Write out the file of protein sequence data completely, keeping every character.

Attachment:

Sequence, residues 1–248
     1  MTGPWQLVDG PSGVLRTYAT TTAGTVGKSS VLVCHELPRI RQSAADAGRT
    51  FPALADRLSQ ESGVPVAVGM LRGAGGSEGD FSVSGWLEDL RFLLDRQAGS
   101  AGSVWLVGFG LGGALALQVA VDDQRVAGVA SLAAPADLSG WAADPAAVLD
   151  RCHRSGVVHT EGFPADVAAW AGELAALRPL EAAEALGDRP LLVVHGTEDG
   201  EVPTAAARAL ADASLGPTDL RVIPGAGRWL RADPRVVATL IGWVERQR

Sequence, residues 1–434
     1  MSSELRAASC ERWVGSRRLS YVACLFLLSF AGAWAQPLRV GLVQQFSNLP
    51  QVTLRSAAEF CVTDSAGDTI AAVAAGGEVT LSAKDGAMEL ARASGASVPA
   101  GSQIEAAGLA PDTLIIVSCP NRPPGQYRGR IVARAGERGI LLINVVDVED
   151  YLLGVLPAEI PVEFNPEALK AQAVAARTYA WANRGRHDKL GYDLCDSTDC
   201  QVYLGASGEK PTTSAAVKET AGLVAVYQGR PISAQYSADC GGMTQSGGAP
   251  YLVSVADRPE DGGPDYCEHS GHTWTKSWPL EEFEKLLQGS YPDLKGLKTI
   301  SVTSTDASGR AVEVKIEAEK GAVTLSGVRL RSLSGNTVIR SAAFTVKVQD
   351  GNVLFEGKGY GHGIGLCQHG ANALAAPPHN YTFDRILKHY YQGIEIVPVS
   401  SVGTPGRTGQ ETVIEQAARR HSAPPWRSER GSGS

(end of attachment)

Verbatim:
Sequence, residues 1–248
     1  MTGPWQLVDG PSGVLRTYAT TTAGTVGKSS VLVCHELPRI RQSAADAGRT
    51  FPALADRLSQ ESGVPVAVGM LRGAGGSEGD FSVSGWLEDL RFLLDRQAGS
   101  AGSVWLVGFG LGGALALQVA VDDQRVAGVA SLAAPADLSG WAADPAAVLD
   151  RCHRSGVVHT EGFPADVAAW AGELAALRPL EAAEALGDRP LLVVHGTEDG
   201  EVPTAAARAL ADASLGPTDL RVIPGAGRWL RADPRVVATL IGWVERQR

Sequence, residues 1–434
     1  MSSELRAASC ERWVGSRRLS YVACLFLLSF AGAWAQPLRV GLVQQFSNLP
    51  QVTLRSAAEF CVTDSAGDTI AAVAAGGEVT LSAKDGAMEL ARASGASVPA
   101  GSQIEAAGLA PDTLIIVSCP NRPPGQYRGR IVARAGERGI LLINVVDVED
   151  YLLGVLPAEI PVEFNPEALK AQAVAARTYA WANRGRHDKL GYDLCDSTDC
   201  QVYLGASGEK PTTSAAVKET AGLVAVYQGR PISAQYSADC GGMTQSGGAP
   251  YLVSVADRPE DGGPDYCEHS GHTWTKSWPL EEFEKLLQGS YPDLKGLKTI
   301  SVTSTDASGR AVEVKIEAEK GAVTLSGVRL RSLSGNTVIR SAAFTVKVQD
   351  GNVLFEGKGY GHGIGLCQHG ANALAAPPHN YTFDRILKHY YQGIEIVPVS
   401  SVGTPGRTGQ ETVIEQAARR HSAPPWRSER GSGS